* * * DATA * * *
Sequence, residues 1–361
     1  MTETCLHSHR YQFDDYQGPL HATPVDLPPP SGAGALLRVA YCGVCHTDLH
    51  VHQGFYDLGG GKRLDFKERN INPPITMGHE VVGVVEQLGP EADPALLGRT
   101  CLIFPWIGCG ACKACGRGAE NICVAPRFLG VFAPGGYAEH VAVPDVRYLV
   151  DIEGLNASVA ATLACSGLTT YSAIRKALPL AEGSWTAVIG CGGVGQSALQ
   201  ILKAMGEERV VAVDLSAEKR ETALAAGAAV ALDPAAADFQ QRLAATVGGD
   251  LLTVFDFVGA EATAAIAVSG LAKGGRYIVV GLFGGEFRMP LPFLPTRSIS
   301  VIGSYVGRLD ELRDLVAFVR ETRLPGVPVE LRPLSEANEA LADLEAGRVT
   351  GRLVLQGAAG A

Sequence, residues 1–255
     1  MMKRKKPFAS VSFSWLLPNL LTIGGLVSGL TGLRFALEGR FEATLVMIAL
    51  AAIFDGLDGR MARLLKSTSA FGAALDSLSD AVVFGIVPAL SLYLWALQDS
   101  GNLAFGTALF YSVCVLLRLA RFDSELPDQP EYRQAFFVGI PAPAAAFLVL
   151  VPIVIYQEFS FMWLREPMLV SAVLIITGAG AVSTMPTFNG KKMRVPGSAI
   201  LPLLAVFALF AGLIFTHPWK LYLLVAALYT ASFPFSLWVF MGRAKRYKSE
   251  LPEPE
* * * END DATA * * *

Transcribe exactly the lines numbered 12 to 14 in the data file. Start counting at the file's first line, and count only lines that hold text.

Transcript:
    51  AAIFDGLDGR MARLLKSTSA FGAALDSLSD AVVFGIVPAL SLYLWALQDS
   101  GNLAFGTALF YSVCVLLRLA RFDSELPDQP EYRQAFFVGI PAPAAAFLVL
   151  VPIVIYQEFS FMWLREPMLV SAVLIITGAG AVSTMPTFNG KKMRVPGSAI